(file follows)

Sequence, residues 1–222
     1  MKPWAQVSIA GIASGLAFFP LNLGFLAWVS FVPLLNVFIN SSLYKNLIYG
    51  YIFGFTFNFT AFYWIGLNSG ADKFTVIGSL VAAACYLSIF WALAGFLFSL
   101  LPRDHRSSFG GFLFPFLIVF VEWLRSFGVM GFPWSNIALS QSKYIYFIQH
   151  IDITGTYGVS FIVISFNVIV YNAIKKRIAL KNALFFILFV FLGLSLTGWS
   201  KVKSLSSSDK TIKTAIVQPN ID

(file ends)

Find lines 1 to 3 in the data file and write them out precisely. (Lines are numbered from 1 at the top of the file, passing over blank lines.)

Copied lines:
Sequence, residues 1–222
     1  MKPWAQVSIA GIASGLAFFP LNLGFLAWVS FVPLLNVFIN SSLYKNLIYG
    51  YIFGFTFNFT AFYWIGLNSG ADKFTVIGSL VAAACYLSIF WALAGFLFSL